It was summer and the setting sun poured along the corridor as I looked for the ward he had been moved to. Len was dying peacefully and so those who loved him kept watch, always one, sometimes two. This time there was just one sitting by the bed. Len had turned away and was sleeping, his face bathed in the gentle rays of the sun just about to slip beneath the horizon of English Bay.
The two of us went to the bedside and for a moment looked at Len. There was no sign of pain or discomfort. We both took his hand. Very quietly and deliberately we began to say what Len would have known since childhood. Our Father, who art in Heaven…thy Kingdom come..., his hand tightened slightly as if joining us…thy will be done. On earth as in heaven…very slowly an eyelid lifted … then another…then joining us, a voice…for thine is the kingdom, the power and the glory …his lips moving, his eyes open he joined us in words remembered since childhood and to which he had remained faithful all his life. We ended together. Len slept again. Just before his eyes closed again, she bent and kissed him. I left them. She accompanied me to the elevator. Their son was due any minute. Len left before sunrise.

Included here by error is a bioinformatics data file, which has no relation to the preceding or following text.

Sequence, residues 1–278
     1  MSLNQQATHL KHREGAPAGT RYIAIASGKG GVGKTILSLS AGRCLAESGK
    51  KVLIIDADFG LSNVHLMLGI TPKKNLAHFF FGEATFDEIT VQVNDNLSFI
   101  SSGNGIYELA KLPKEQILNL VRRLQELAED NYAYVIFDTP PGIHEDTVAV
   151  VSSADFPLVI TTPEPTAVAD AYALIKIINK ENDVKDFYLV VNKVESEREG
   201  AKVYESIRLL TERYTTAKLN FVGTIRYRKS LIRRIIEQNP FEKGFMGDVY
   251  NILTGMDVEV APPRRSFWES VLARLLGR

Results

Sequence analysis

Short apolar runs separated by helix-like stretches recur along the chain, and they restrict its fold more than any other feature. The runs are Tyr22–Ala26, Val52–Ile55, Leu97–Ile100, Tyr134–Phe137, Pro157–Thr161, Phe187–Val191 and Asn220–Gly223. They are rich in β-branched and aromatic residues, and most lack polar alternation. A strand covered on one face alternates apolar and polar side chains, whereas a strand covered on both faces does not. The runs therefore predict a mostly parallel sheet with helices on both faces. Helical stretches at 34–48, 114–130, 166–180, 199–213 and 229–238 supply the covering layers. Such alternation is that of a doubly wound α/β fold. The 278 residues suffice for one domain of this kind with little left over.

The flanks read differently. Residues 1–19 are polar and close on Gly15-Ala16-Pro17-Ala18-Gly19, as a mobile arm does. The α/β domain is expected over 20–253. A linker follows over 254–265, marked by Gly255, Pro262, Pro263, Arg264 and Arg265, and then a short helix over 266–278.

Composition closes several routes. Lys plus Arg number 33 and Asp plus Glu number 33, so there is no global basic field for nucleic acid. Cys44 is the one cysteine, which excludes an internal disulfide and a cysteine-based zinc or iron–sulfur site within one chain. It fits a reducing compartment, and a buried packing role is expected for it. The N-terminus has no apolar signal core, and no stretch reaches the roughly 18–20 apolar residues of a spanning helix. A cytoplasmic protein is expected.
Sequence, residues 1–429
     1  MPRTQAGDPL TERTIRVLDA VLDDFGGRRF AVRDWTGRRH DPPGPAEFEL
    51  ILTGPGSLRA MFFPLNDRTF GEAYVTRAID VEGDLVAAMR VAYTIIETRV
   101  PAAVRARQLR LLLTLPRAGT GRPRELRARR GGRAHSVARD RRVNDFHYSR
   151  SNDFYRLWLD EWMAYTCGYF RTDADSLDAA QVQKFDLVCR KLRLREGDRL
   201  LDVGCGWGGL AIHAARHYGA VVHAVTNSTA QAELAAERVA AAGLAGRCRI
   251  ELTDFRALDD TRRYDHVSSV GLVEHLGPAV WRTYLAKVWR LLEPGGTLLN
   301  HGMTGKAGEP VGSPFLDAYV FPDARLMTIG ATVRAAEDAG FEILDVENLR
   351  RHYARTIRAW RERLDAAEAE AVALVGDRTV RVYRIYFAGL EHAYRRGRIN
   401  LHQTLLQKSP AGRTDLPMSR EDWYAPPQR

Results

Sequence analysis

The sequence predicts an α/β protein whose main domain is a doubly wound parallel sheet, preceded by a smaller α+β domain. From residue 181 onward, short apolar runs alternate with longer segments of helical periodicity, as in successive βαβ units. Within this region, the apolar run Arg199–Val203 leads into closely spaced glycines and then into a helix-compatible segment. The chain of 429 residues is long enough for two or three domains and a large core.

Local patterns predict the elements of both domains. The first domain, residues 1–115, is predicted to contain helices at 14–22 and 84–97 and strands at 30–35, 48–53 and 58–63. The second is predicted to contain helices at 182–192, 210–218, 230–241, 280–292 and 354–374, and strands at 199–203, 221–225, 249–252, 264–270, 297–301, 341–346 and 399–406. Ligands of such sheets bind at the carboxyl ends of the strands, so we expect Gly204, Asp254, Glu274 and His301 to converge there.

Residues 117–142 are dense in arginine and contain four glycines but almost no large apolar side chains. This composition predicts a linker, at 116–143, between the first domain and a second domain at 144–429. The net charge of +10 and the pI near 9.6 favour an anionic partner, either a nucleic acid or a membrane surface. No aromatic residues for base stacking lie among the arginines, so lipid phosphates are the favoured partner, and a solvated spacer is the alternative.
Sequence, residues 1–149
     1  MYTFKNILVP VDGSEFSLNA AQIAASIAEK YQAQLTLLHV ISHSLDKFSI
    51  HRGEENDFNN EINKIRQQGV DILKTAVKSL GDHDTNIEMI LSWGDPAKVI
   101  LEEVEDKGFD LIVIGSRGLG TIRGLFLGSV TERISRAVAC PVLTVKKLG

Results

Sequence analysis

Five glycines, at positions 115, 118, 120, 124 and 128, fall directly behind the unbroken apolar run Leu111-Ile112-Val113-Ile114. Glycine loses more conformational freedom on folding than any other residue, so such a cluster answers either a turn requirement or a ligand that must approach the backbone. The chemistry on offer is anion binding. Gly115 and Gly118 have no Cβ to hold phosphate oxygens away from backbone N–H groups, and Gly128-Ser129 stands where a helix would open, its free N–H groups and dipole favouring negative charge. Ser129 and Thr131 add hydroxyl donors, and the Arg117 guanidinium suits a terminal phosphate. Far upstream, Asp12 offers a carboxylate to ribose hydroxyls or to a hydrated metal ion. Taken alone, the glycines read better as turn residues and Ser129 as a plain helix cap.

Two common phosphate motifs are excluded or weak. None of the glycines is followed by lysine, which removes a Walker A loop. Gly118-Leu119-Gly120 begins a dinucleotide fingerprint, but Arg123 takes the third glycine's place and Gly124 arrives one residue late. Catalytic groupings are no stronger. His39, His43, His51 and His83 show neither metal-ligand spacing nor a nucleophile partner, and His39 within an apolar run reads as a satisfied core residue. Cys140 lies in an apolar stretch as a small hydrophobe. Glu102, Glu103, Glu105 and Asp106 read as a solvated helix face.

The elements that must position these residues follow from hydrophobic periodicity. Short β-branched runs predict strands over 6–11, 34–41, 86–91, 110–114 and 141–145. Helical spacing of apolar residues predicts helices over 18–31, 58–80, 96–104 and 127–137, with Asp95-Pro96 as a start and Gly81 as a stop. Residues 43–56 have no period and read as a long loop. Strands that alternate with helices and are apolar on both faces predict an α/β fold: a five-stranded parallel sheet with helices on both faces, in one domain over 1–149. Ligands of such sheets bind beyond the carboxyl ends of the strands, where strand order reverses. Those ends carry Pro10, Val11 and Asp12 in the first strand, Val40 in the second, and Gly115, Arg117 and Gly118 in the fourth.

What made this evening unforgettable was what happened after we parted. I had decided to see if another parishioner was awake on a lower floor. As I got out of the elevator and started along the floor a nurse guided a wheelchair into the corridor. Before they turned away and went ahead of me, I saw that the patient was elderly and frail, so frail that she had to be supported in the chair. Her whole demeanor was one of frailty and extreme exhaustion. I emphasize this because of what took place, astonishing both the nurse and I.
The nurse and her patient were about ten feet ahead of me when I heard a voice, strong and vibrant. I looked around expecting to see someone but there was no one else. The voice continued reciting one of the most frequently quoted poems in the English language, reciting without the least hesitation, every word clear.
I wandered lonely as a cloud
That floats on high o'er vales and hills,
When all at once I saw a crowd
A host of golden daffodils.
Beside the lake, beneath the trees,
Fluttering and dancing in the breeze.
On she went, reciting the complete poem. At the end her voice sank back into silence, and she slumped forward in an exhaustion that had been entirely absent as the lovely lines seized her and rendered her so astonishingly eloquent.
I drove home slowly and thoughtfully. Twice in these quiet hours I had heard voices, one approaching death, the other mysteriously transformed from weakness to power. The thought struck me that few people realize the privileges of priesthood.
Credit: Goroden Koff